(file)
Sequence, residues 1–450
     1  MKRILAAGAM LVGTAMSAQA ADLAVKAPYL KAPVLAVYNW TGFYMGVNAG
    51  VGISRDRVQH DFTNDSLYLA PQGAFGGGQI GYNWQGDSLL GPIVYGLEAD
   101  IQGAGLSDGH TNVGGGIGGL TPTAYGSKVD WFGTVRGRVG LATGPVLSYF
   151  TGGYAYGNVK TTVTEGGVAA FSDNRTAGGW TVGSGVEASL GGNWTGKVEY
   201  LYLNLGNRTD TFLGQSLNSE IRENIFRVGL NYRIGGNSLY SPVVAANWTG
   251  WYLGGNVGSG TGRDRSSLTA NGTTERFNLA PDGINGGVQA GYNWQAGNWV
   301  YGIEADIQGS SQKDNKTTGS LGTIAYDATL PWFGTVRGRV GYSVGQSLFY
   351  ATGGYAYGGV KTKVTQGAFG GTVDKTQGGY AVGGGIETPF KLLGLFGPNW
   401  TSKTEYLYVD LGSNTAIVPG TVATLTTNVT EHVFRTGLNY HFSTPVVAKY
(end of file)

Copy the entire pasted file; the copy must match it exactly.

Sequence, residues 1–450
     1  MKRILAAGAM LVGTAMSAQA ADLAVKAPYL KAPVLAVYNW TGFYMGVNAG
    51  VGISRDRVQH DFTNDSLYLA PQGAFGGGQI GYNWQGDSLL GPIVYGLEAD
   101  IQGAGLSDGH TNVGGGIGGL TPTAYGSKVD WFGTVRGRVG LATGPVLSYF
   151  TGGYAYGNVK TTVTEGGVAA FSDNRTAGGW TVGSGVEASL GGNWTGKVEY
   201  LYLNLGNRTD TFLGQSLNSE IRENIFRVGL NYRIGGNSLY SPVVAANWTG
   251  WYLGGNVGSG TGRDRSSLTA NGTTERFNLA PDGINGGVQA GYNWQAGNWV
   301  YGIEADIQGS SQKDNKTTGS LGTIAYDATL PWFGTVRGRV GYSVGQSLFY
   351  ATGGYAYGGV KTKVTQGAFG GTVDKTQGGY AVGGGIETPF KLLGLFGPNW
   401  TSKTEYLYVD LGSNTAIVPG TVATLTTNVT EHVFRTGLNY HFSTPVVAKY